Format: PDF / Kindle (mobi) / ePub
In this magisterial volume of essays, Wendy Doniger enhances our understanding of the ancient and complex religion to which she has devoted herself for half a century. This series of interconnected essays and lectures surveys the most critically important and hotly contested issues in Hinduism over 3,500 years, from the ancient time of the Vedas to the present day.
The essays contemplate the nature of Hinduism; Hindu concepts of divinity; attitudes concerning gender, control, and desire; the question of reality and illusion; and the impermanent and the eternal in the two great Sanskrit epics, the Ramayana and the Mahabharata. Among the questions Doniger considers are: Are Hindus monotheists or polytheists? How can atheists be Hindu, and how can unrepentant Hindu sinners find salvation? Why have Hindus devoted so much attention to the psychology of addiction? What does the significance of dogs and cows tell us about Hinduism? How have Hindu concepts of death, rebirth, and karma changed over the course of history? How and why does a pluralistic faith, remarkable for its intellectual tolerance, foster religious intolerance?
Doniger concludes with four concise autobiographical essays in which she reflects on her lifetime of scholarship, Hindu criticism of her work, and the influence of Hinduism on her own philosophy of life. On Hinduism is the culmination of over forty years of scholarship from a renowned expert on one of the world's great faiths.
dangerous the senses can be—and likens them to horses: ‘For, just as a horse in full gallop, blinded by the energy of his own speed, pays no attention to any post or hole or ditch on the path, so two lovers blinded by passion in the friction of sexual battle are caught up in their fierce energy and pay no attention to danger.’6 It is, I think, significant that the senses were analogized not to unglamorous tame animals like pigs or dogs, nor to violent wild animals like lions or crocodiles, but to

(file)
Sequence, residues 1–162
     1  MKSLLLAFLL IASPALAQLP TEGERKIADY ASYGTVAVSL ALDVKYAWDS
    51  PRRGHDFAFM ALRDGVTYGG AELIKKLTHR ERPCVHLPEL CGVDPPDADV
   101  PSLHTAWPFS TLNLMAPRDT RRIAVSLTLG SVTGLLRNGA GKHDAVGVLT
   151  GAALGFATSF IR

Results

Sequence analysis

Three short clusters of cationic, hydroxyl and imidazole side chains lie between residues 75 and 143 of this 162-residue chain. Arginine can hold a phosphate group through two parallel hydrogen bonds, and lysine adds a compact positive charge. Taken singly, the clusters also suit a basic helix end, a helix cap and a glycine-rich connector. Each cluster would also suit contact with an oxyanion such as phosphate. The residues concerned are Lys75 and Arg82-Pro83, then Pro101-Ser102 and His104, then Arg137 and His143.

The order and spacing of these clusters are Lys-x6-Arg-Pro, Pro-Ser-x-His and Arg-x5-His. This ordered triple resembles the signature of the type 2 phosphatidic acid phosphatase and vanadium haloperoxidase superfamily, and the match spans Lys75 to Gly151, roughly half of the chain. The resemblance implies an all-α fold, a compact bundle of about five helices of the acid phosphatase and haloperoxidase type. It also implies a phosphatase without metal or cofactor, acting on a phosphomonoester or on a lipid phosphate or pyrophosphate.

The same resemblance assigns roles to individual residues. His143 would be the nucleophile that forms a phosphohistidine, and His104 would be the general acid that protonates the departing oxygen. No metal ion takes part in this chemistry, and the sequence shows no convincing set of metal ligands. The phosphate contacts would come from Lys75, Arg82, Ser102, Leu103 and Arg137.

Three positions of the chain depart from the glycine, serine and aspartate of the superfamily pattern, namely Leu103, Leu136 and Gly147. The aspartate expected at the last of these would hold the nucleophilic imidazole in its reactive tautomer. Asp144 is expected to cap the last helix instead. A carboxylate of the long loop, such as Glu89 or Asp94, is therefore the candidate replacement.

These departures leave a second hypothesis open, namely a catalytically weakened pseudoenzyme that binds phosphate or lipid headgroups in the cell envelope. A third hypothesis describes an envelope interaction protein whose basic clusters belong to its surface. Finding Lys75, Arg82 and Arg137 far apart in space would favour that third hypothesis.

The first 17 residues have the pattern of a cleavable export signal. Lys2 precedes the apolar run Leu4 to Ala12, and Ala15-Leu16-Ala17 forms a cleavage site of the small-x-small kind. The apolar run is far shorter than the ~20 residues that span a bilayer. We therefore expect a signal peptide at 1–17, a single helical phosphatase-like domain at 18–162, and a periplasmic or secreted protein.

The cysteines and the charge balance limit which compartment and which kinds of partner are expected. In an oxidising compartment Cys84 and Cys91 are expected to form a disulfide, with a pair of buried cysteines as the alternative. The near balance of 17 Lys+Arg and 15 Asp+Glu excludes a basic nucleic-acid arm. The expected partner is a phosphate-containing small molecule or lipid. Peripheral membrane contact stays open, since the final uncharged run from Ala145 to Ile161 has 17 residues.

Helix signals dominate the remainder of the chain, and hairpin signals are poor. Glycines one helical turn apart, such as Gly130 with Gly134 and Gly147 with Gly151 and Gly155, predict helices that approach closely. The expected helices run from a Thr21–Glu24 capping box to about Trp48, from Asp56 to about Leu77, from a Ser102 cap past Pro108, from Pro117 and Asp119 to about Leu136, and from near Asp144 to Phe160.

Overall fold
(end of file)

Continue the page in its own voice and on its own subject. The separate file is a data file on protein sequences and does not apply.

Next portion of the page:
animals may also have been a reaction to the increasing number of animals sacrificed in more and more elaborate ceremonies. Sacrifice was still violent, and sacrifice was still power, but a murmur of protest and discontent was growing steadily stronger, soon to find its voice, faintly in the Upanishads and loudly in the Mahabharata. ASHOKA, C. 304-232 BCE An important moment in the history of ambivalence toward the killing of animals in India came during the reign of the emperor Ashoka, in
horses; contemporary breeders now add calcium, manganese, iron and salt to the horses’ diet. After Independence, Indian breeders found some places suitable for breeding (though I heard Hindu and Parsi stud owners complain, still in 1996, that Pakistan got the best grazing land). Today, in Punjab, Maharashtra and Karnataka there is some horse-breeding, and Pune, Mumbai and Calcutta are breeding centres for thoroughbred horses. But the difficulties in breeding large horses are perennial. Kathiawar
literature, based as it is on geometry (the measurement of the sacrificial altar, one reason why mathematics developed so early in India) and grammar (the central paradigm out of which all sacred commentary develops). The rice-powder designs are a woman’s way of abstracting religious meanings; they are a woman’s visual grammar.26 The analogy between the kolam designs and the Vedic sacrificial hall has further implications of impermanence, for the hall was burnt down after the ritual. Like these
heaven; they were all permitted to die because by this time all their children were dead. [16.8.16-24] The association of women with fire is worthy of note. Draupadi, who does not die on her husbands’ funeral pyres (because [a] she dies before them and [b] they don’t have funeral pyres—they walk up into heaven at the end of the story), begins rather than ends her life in fire: she is born out of her father’s fire-altar: Drupada performed a sacrifice in order to get a son who would kill his